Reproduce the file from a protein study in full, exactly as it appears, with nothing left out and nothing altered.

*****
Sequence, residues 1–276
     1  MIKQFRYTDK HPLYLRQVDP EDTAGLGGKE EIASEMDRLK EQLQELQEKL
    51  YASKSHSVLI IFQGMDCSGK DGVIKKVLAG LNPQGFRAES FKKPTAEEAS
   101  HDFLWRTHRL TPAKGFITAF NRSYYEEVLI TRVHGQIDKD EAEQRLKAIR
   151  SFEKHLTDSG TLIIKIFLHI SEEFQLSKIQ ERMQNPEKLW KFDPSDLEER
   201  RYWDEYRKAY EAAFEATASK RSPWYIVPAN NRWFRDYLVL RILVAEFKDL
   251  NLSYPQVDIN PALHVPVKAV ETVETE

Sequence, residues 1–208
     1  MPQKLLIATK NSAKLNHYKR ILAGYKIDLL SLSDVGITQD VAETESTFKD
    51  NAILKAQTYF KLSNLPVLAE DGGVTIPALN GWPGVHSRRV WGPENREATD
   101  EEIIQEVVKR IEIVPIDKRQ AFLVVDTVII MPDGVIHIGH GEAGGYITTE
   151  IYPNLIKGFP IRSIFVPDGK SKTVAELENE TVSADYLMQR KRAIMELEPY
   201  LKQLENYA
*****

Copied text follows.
Sequence, residues 1–276
     1  MIKQFRYTDK HPLYLRQVDP EDTAGLGGKE EIASEMDRLK EQLQELQEKL
    51  YASKSHSVLI IFQGMDCSGK DGVIKKVLAG LNPQGFRAES FKKPTAEEAS
   101  HDFLWRTHRL TPAKGFITAF NRSYYEEVLI TRVHGQIDKD EAEQRLKAIR
   151  SFEKHLTDSG TLIIKIFLHI SEEFQLSKIQ ERMQNPEKLW KFDPSDLEER
   201  RYWDEYRKAY EAAFEATASK RSPWYIVPAN NRWFRDYLVL RILVAEFKDL
   251  NLSYPQVDIN PALHVPVKAV ETVETE

Sequence, residues 1–208
     1  MPQKLLIATK NSAKLNHYKR ILAGYKIDLL SLSDVGITQD VAETESTFKD
    51  NAILKAQTYF KLSNLPVLAE DGGVTIPALN GWPGVHSRRV WGPENREATD
   101  EEIIQEVVKR IEIVPIDKRQ AFLVVDTVII MPDGVIHIGH GEAGGYITTE
   151  IYPNLIKGFP IRSIFVPDGK SKTVAELENE TVSADYLMQR KRAIMELEPY
   201  LKQLENYA